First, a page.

For thy sweet love remembered such wealth brings That then I scorn to change my state with kings.
Throughout Sonnet 29, the speaker talks about lamenting his situation in life, wishing he had what other people have, such as wealth or impressive skills. However, when he thinks of his lover, his mood immediately brightens, and as he says here, he decides that he would not trade places with even the richest of men. The speaker shows the power of the love he receives to enrich his life and bring him contentment.
This thou perceiv’st, which makes thy love more strong, To love that well which thou must leave ere long.
In Sonnet 73, the speaker compares the aging of a loved one to the passing of summer to winter and day to night. As he sees death reflected in nature, he comes to terms with the eventual loss of a loved one. Here, he explains to his lover that knowing the fleeting duration of life and love engenders an appreciation of both. Just as his lover appreciates the sun’s warmth during fall and winter, a metaphor for a lifespan running its course, he hopes his lover will appreciate him all the more.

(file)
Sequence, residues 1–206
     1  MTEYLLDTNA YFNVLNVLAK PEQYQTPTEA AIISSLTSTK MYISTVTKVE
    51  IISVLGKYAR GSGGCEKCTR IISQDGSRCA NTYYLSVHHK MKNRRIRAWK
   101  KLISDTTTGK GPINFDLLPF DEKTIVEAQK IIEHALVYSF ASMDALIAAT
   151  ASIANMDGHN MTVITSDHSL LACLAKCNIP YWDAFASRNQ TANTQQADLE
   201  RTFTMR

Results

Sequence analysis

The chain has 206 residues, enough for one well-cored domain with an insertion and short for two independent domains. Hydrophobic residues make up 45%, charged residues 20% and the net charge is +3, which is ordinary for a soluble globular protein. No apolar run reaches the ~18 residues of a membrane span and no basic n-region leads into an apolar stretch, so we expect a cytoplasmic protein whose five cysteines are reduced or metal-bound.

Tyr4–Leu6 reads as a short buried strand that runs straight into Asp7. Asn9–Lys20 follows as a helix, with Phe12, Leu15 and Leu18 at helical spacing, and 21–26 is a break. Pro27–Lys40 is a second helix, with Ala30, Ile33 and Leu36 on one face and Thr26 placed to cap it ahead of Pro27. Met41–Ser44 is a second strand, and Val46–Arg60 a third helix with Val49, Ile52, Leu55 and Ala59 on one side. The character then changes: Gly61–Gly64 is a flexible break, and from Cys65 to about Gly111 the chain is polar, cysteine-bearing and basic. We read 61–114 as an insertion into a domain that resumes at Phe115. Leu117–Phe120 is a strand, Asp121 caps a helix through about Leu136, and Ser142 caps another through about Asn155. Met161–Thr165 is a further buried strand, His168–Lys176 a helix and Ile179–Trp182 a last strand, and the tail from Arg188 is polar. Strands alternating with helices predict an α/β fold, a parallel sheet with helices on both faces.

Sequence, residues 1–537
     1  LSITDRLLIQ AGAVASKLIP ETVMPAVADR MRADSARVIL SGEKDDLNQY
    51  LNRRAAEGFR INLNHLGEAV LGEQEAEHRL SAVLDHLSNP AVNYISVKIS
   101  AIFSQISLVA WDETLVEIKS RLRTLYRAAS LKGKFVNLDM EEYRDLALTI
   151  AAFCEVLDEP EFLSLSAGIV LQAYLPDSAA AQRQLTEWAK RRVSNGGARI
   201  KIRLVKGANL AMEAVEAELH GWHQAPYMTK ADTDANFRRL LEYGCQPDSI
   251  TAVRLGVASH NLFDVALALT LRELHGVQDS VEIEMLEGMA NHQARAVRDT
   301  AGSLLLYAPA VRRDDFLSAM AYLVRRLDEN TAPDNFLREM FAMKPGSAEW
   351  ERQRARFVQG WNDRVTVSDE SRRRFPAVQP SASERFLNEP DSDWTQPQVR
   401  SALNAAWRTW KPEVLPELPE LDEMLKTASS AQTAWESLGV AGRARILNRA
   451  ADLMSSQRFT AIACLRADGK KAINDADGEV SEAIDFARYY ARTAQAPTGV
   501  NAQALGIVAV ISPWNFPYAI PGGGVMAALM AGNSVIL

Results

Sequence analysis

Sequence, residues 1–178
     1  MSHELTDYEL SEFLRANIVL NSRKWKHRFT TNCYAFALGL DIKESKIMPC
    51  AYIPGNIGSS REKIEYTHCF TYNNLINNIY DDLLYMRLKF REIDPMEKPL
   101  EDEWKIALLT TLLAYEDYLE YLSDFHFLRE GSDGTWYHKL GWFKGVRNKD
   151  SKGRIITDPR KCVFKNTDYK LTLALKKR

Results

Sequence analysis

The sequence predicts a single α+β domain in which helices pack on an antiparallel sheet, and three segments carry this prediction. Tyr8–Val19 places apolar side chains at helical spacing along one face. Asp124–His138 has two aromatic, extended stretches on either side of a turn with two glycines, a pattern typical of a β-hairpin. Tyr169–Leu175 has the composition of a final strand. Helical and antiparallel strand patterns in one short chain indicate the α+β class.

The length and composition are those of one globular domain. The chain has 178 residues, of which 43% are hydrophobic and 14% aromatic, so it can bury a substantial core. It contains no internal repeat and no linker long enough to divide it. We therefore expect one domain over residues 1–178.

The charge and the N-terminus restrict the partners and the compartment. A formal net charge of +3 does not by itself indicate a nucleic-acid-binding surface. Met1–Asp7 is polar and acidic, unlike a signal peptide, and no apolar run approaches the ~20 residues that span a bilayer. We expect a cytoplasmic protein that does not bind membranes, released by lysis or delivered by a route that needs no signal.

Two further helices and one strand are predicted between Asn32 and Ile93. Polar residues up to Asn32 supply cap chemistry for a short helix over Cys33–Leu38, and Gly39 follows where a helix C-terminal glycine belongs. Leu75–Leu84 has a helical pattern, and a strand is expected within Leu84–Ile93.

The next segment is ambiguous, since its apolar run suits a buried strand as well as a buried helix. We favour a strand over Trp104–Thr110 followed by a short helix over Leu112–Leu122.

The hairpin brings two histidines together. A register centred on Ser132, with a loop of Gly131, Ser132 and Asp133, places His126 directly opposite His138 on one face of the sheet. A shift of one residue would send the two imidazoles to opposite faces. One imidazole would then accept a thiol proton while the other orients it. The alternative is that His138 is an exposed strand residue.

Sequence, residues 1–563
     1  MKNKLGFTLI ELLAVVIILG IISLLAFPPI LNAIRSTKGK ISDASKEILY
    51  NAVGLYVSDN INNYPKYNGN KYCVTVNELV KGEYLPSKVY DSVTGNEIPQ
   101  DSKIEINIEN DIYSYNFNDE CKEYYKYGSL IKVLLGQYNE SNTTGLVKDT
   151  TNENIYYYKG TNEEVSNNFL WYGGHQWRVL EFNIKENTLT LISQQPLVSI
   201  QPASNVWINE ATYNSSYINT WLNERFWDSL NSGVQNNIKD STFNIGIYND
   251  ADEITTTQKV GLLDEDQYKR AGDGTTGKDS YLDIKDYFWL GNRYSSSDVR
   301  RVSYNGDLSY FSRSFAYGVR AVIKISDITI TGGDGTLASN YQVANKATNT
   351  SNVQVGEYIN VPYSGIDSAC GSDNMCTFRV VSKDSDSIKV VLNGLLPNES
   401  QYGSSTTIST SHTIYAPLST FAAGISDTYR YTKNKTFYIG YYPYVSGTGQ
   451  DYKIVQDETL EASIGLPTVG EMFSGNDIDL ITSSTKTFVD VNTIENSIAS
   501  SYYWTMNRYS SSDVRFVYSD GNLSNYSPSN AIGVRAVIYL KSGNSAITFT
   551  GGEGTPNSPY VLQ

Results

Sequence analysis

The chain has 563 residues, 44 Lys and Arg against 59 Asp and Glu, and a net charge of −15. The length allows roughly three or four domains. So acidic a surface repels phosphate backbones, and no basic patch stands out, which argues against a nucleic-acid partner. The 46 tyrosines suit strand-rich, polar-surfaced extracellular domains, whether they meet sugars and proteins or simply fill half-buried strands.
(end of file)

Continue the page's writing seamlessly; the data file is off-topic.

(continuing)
And yet, by heaven, I think my love as rare As any she belied with false compare.
This concluding exclamation wraps up the pointed commentary in Sonnet 130. The speaker has described his lover, admitting she doesn’t match the conventional metaphors used by poets to describe women’s beauty. He holds as much esteem for his love as the other poets hold for their women, whose looks he believes fall short of their poetic descriptions. In his view, real love sees past any physical imperfections, and true lovers should not feel the need to make false comparisons about their beloved’s appearance.
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